1. Saying “thank you” when someone does something little-but-kind throughout your day. When someone holds a door, helps you grab something, or lets you go first, they didn’t have to do that, and making sure to thank them will make them want to do it more.
2. Doing those little-but-kind things yourself throughout the day. When you’re at that weird moment of “Do I or don’t I hold open this door for the person who is a little bit behind me,” do it.
3. Smiling at children who are smiling or looking at you. Kids are perfect, in that they think most people are generally good and nice, so don’t shatter that image by frowning or looking away from them.
4. Listening to music for the mood you want to be in, instead of the mood you actually are in. If you want to cheer yourself up, don’t sulk with Death Cab albums from your high school “artist” phase — put on some Disney soundtracks!
5. Giving someone at least one honest compliment per day, about something other than their weight if possible. (Even if someone lost weight, it’s much better to say “You look great!” rather than comment directly on the pounds, because that often comes with a lot of baggage.)
6. Putting more fruits and vegetables on your plate, and eating those first before treating yourself to the less-healthy things. Making the choice to eat better is often very simple, and only involves being more smart about what you put in front of you.
7. Answering your text messages right away (even if they stress you out), because you know how you feel when someone leaves you hanging. Also, you have a tendency to say “I’ll get to this later” and then forget about it completely, and that’s just rude.
8. Putting your alarm across the room so that you have to get up and go turn it off and can’t accidentally hit “off” in your sleep and never actually wake up.
9. Saying “hi” to your neighbors when you see them, and maybe even asking how their day was because, come on, you basically live together.
10. Preparing breakfasts, snacks, or lunches to take with you throughout the week. There’s only one way to avoid paying a lot of money to eat terribly at the last minute, and that’s by planning ahead.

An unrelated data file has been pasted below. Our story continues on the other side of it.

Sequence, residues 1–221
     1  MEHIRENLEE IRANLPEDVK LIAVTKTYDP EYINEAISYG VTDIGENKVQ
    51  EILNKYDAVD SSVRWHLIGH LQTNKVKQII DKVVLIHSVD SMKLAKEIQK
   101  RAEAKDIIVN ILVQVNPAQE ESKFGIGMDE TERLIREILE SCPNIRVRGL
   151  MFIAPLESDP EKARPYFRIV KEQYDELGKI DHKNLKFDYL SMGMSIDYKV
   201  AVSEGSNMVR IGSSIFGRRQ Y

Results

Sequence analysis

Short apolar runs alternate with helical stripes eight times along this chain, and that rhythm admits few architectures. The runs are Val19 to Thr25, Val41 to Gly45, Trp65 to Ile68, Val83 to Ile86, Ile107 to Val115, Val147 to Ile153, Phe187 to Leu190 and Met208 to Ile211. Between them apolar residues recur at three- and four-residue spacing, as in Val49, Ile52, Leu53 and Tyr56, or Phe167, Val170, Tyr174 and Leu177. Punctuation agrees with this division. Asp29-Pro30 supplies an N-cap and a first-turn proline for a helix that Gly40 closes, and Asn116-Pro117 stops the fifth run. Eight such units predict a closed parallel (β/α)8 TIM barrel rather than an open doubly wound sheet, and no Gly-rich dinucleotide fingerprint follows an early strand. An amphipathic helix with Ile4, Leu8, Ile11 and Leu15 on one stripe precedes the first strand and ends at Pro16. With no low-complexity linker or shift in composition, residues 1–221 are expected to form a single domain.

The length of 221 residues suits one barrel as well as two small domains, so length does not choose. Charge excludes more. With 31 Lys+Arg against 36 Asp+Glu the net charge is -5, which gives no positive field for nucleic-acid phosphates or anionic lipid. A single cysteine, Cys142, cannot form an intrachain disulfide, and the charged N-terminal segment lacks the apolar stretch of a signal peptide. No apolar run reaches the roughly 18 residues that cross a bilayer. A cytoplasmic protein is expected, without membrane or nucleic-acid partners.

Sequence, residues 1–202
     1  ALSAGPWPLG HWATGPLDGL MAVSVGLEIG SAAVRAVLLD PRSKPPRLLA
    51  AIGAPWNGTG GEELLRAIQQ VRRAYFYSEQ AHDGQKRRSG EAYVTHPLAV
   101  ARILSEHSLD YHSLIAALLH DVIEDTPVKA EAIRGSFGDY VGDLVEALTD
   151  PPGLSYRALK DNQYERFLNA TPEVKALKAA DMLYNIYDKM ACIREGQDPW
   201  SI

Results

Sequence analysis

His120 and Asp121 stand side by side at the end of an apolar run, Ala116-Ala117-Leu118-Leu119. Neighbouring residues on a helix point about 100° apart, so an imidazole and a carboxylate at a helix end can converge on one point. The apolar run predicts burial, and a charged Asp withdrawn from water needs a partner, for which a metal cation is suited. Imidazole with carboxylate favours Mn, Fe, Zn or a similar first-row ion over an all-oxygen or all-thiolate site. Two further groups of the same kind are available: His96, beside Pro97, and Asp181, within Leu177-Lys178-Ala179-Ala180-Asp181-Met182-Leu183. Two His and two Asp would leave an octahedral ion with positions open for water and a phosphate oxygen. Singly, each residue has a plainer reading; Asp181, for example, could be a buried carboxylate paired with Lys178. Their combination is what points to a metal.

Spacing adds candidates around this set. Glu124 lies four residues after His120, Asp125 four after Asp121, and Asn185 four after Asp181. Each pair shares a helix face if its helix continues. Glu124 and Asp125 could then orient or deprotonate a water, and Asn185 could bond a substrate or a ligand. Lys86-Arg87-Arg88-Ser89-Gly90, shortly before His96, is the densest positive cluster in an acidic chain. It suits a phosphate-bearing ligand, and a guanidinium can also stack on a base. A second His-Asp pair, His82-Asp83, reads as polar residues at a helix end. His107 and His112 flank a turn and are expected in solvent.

11. Not obsessing over the stupid/embarrassing thing you said two years ago to keep you from sleeping or make you freak out in the shower. (My technique with this one is to actually say the thing out loud, laugh at myself, and force myself to think about something else.)
12. Calling, texting, emailing, or in some way acknowledging your parents and find out what they’re up to today/let them know that you love them.
13. Freezing grapes, because that shit is delicious.
14. Writing down a list — ideally on a dry erase board or something, where you can see it every day — of the things you need to do. And actually going through this list, one by one, and checking them off. I promise, it feels almost better than sex to see the whole thing crossed out.
15. Telling a friend you love them, or you’re thinking about them, or you hope they’re doing well.
16. Pointing out at least one thing in the mirror that you actually like about yourself, and that you’re excited to see.
17. Reminding yourself that the body you have is more than just an object for people to observe, it’s also an amazing thing that allows you to run, jump, hug, eat, and exist in this world.
18. Finding at least one thing on the internet to get excited or happy about, instead of just surrounding yourself with negative information, things and people to criticize, or hate-reads that you use to feel righteously angry.
19. Stretching. Especially in the morning.
20. Taking at least a few minutes out of your day to think about things that you are happy about, things you can improve, and this you want to do differently tomorrow. Allow the feeling of gratitude to fill you up and motivate you to carry the good things over and leave the pointlessly negative things behind.
21. Realizing that you are not perfect, that no one else is, and that it should never be your goal. The more you compare yourself to people you think are happier or more successful, the more you turn them into characters and not human beings. Every single person you pass on the street is real and has their own story, and their own flaws. Remembering that they’re struggling, too is the quickest way to make yourself a better person.